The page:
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NOSTRADAMUS EFFECT: SEASON ONE

Review by Mark Wiechman

Stars: Phil Crowley, narrator
Director: Various
Audio: Dolby Stereo
Video: Color Full Screen
Studio: A&E Home Video
Features: See Review
Length:  9 hours, 24 minutes, three discs
Release Date: March 30, 2010

 

“Before you can qualify really to be the third anti-Christ, you have to have a big army, a big navy, an air force; you gotta have a lot of man power, and a lot of economic resources. So he [Saddam Hussein] didn’t qualify as the big bad wolf of the future.”  Victor Baines, president of Nostradamus Society of America.

 

Film ***

 

If you believe in anything, then naturally you have to also not believe in other things that contradict your beliefs.  So as a Christian, I do believe in certain prophecies and spiritual things, but I have to ignore certain other ones.  And within each established faith, there are differing factions, such as Roman Catholics and Protestants, Orthodox Jews and non-Orthodox, and Shiite and Sunni Muslims.  Our search for truth and revelation is complex.  These faiths are old enough that we assume they have always been this way, and we are often not sure how to handle modern prophets and revelation.

 

So it is in this frame of mind that I watch the Nostradamus Effect:  Season One. It is impossible to ignore the effect of Nostradamus on culture, with many of his cryptic predictions seeming to be frighteningly accurate.  He believed in God and saw his prophecies as revelation just as the Old Testament prophets.  His believers see him as a man who tried to warn future generations in his four-lined “quatrains.”   Much like Darwin, he was a Christian who was later derided by the Church for blurring the line between science and faith.

 

He foresaw terrible happenings, including three Anti-Christs, each worse than the last. This is the subject of the first episode.  A prediction of more than one is unique and not found in any religions.  Some believe that two of them have already come, possibly Napoleon and Hitler, but that the third is still to come, or is already here.  His description of their actions, at least in retrospect, is incredibly prescient.  He speaks of the second anti-Christ as “Hister” who crosses the great rivers, and it is hard not to think he means Hitler, and he specifically mentions a German in his iron bunker. 

 

Another scary prediction was the “great force coming from the sky” in the seventh month 1999, which could be a “reverse” prophecy of 9111, or 9/11/01.  But September is not the seventh month anyway, and that’s a clever slight of hand to me, but maybe even prophets transpose numbers now and then.  Maybe he was dyslexic, but then shouldn’t he have predicted that too?

 

These specials are remarkably easy to watch, with commentary that is balanced between speculation and investigation, not requiring us to actually believe in any of it but presenting evidence in a way that cannot be easily dismissed, either.  But the frustrating part of many prophecies, including these, is that they are not clear until after the events have already happened.  You will have to sit through commentators who think that the end is near and that “no one will be able to help anyone” (that is an actual quote) but then others mention that “humanity will go on” since we have faced many other terrors.  The despair some express is odd since Nostradamus predicted the end of the world in 3797, so I don’t know why his modern followers would be concerned.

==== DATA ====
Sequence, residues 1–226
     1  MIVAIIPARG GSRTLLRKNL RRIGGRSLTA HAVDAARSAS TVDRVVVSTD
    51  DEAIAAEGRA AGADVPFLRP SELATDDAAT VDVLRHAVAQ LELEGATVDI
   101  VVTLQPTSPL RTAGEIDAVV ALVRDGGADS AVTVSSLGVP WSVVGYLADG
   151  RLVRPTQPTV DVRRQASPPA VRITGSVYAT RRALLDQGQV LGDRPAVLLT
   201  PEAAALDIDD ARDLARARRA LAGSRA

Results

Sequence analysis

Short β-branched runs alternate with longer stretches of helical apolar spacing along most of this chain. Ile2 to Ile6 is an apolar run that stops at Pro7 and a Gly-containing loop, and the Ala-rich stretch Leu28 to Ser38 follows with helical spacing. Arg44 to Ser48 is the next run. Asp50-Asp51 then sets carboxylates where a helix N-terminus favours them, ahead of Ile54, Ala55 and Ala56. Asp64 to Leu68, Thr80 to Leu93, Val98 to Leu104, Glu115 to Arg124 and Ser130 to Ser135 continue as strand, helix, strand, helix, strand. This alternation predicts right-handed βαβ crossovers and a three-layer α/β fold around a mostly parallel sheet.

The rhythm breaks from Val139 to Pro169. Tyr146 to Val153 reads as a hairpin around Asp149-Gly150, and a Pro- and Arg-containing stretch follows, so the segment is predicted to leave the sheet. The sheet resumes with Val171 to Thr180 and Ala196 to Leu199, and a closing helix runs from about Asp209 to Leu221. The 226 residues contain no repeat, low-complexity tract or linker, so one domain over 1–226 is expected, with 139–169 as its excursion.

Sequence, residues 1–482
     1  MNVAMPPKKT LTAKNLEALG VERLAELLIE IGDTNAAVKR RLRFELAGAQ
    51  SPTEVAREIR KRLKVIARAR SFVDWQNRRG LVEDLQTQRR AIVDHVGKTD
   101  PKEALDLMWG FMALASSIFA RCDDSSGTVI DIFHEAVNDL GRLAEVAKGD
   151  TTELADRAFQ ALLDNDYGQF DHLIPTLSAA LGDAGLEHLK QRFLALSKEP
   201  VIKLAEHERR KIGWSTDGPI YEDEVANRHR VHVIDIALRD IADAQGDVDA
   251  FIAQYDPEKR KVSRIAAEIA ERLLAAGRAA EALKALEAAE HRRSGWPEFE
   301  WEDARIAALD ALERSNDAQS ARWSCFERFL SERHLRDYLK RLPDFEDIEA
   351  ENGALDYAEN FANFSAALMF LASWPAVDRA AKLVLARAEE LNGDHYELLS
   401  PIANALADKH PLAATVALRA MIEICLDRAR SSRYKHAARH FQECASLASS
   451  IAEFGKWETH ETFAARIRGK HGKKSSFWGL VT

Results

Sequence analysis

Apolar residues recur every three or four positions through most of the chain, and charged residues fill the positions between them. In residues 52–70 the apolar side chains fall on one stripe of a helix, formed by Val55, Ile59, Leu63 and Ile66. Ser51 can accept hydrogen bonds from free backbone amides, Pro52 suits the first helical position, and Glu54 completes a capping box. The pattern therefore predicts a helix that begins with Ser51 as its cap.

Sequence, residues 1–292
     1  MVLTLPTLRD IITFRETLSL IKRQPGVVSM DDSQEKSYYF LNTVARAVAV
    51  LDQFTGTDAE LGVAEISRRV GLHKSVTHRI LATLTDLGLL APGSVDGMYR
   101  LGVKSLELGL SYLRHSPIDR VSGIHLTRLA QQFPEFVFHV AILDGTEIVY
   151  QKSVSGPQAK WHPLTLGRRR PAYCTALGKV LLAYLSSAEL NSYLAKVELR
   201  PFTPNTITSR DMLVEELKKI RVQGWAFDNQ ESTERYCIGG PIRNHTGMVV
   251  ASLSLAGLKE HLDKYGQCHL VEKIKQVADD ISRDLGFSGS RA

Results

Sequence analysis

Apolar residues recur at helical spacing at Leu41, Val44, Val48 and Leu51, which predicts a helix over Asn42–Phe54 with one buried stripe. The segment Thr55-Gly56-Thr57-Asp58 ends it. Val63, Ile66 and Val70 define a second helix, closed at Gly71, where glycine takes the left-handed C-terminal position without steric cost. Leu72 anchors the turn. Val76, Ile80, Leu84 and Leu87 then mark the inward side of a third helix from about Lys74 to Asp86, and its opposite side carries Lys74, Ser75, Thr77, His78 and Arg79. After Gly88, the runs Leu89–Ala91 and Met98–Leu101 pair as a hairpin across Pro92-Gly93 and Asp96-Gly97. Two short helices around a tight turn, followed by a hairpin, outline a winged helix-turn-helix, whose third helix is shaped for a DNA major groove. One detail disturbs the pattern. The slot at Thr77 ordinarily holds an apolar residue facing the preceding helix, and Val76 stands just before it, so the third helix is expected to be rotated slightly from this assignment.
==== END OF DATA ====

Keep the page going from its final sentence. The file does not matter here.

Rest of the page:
The programs move on to other controversies such as the third mystery revealed by the Blessed Virgin Mary at Fatima, the first two mysteries alluding to two world wars.  We also learn what Nostradamus said about the Rapture, the 2012 extinction, Satan’s army, DaVinci’s Armageddon, and other forebodings. 

 

As interesting as they are, I don’t recommend watching more than one at a time, since they are practically wall-to-wall doomsday predictions.  You would think Nostradamus could have foreseen something pleasant.  After all, Isaiah, Hosea, and John the Baptist had some good news for the future.  Nostradamus did predict the coming of the modern Jewish state, which could be a good thing, but to him this was a sign of the coming third anti-Christ.  Some people just always see the glass as half-empty, don’t they?

 

Video ***1/2

 

A&E continues to create well-produced specials that seamlessly weave modern and vintage video together.  I only subtracted half a star because the depictions of Nostradamus himself show an elderly bearded man who….well he just sits there and doesn’t look like much of a prophet to me! 

 

Audio ****

 

A great mix as usual from A&E, you could actually just listen to the programs with no video and still learn almost as much.  While the music score is somewhat stagnantly fatalistic, it does not go overboard in melodrama, and the recording of the narrators is crisp throughout.

 

Features *

 

The only special feature is “Strange Facts About Nostradamus” which is text.  Interestingly he predicted the end of the world in 3797, so I don’t know why some of these commentators think that the end is near.  One of his lesser known predictions did come true:  he greeted a young Franciscan monk herding sheep as “Your Holiness” and in 1585 that young man became Pope Sixtus V. 

 

Summary:

 

Nostradamus does not appear to be mad or gleeful in his predictions of doom, but rather a man genuinely concerned about the future, and his attempts to warn us continue to fascinate.  After seeing Season One of this series, I am still skeptical, but I definitely understand why his writings are taken seriously, and look forward to more revelations about his revelations.

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